Since 2002, daily Florida political news and commentary


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Welcome To Florida Politics

Thanks for visiting. On a semi-daily basis we scan Florida's major daily newspapers for significant Florida political news and punditry. We also review the editorial pages and political columnists/pundits for Florida political commentary. The papers we review include: the Miami Herald, Sun-Sentinel, Palm Beach Post, Naples News, Sarasota Herald Tribune, St Pete Times, Tampa Tribune, Orlando Sentinel, the Daytona Beach News-Journal, Tallahassee Democrat, and, occasionally, the Florida Times Union; we also review the political news blogs associated with these newspapers.

For each story, column, article or editorial we deem significant, we post at least the headline and link to the piece; the linked headline always appears in quotes. We quote the headline for two reasons: first, to allow researchers looking for the cited piece to find it (if the link has expired) by searching for the original title/headline via a commercial research service. Second, quotation of the original headline permits readers to appreciate the spin from the original piece, as opposed to our spin.

Not that we don't provide spin; we do, and plenty of it. Our perspective appears in post headlines, the subtitles within the post (in bold), and the excerpts from the linked stories we select to quote; we also occasionally provide other links and commentary about certain stories. While our bias should be immediately apparent to any reader, we nevertheless attempt to link to every article, column or editorial about Florida politics in every major online Florida newspaper.


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The Blog for Sunday, April 22, 2007

30 Billion!

    "Ask Florida's new chief financial officer about the private contracts on which the state spends $30 billion each year, and she smiles and says, 'We will be changing the way we do business in the state of Florida.'"
    Why? For anyone who missed the past eight years of cronyism and kickbacks, the benevolent My Safe Florida Home program gives a snapshot of absentee accountability. ...

    Ms. Sink's "new day, new way" message received a standing ovation last month from a meeting of about 150 state inspector generals and auditors, she said, some self-described as "unappreciated and beat down" during Jeb Bush's tenure. If she exposes the myths of improvement and savings to come from making Tallahassee's government buildings "empty of workers," as Gov. Bush intended, Florida's taxpayers also can applaud.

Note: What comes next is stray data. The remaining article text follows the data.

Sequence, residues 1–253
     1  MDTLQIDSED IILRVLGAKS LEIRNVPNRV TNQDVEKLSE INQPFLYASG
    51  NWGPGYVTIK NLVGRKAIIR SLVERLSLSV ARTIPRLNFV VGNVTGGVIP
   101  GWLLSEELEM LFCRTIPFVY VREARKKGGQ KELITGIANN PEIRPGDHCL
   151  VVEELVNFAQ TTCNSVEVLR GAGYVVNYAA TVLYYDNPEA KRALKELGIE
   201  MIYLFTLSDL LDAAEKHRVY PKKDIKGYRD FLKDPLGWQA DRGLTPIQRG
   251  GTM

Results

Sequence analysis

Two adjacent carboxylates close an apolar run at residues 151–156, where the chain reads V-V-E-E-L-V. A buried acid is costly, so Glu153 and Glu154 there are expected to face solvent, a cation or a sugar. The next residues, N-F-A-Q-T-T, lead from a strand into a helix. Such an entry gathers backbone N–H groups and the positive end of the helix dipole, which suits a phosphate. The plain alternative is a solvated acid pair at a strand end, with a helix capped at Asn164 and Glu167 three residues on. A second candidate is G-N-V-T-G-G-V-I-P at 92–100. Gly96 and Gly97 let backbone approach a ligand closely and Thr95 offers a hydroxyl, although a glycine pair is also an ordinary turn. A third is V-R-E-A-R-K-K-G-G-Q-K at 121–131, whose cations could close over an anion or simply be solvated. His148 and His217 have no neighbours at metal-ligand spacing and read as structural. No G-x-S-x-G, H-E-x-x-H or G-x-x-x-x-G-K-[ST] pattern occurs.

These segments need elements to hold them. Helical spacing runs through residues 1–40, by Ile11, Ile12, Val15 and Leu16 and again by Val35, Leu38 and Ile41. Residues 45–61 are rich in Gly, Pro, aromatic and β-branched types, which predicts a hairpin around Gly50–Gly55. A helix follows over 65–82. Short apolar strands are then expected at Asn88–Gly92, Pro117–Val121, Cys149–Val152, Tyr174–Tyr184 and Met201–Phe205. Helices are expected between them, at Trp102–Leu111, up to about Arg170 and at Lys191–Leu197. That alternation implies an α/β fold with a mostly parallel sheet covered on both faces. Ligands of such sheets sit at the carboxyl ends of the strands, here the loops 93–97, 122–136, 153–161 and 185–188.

"Make public the ripoffs from taking state private".

    After All, They Are Just "Government Workers"

    Jebbie's elimination of mandatory work safety standards is one Jebacy that GOPers - including Charlie - won't touch: "When federal investigators released a report last month about a deadly explosion in Daytona Beach, they tried to send a message: Florida needs to require minimum safety standards for government employees. But more than a month later, the request has gone nowhere." "Daytona plant explosion not lighting fires in Tallahassee". For more on this see "Special report: Deadly Blast".

    Charlie A Dem At Heart

    "After three months in office, Republican Gov. Charlie Crist has earned praise from surprising quarters - Democrats, environmentalists and even The Nation, which bills itself as America's leading journal of liberal political opinion."

    Some conservatives, however, are starting to grumble about the record that earned Crist that praise, from advocating state action against global warming to restoring civil rights for felons.

    Though he ran promising to maintain the legacy of former Gov. Jeb Bush, a hero to the conservative wing of the party, critics say Crist is chipping away at that legacy.

    The grumbling so far is muted - only a few grass-roots-level party activists talk openly about it. ...

    If the grumbling leads to a conservative rebellion against Crist, it could hamper his ability to move his legislative agenda and continue the bipartisan tone he has established in Tallahassee.
    "Governor Making GOP Wary".

    The Sales Tax

    "Florida's sales tax has helped keep the state's checkbook balanced and credit rating so healthy over the years that it's one place lawmakers like to turn when searching for dollars. Since its 1949 debut as a 3-cent levy, the sales tax was increased by a penny in 1968, 1982 and 1988 to its present 6 percent level. Some legislators want to go there again to find the money to meet Gov. Charlie Crist's chief campaign goal of reducing property taxes." "When Fla. lawmakers need money, they look to the sales tax". See "Crist's politics getting greener".

    Strong Hand

    "If Floridians are going to savor property-tax relief this year, the recipe will have a strong Democratic flavor. For the first time since Democrats lost power in 1996, they control the biggest issue at the top of the legislative agenda." "Dems hold a strong hand on tax reform".

    "Conflicts Already Have Emerged"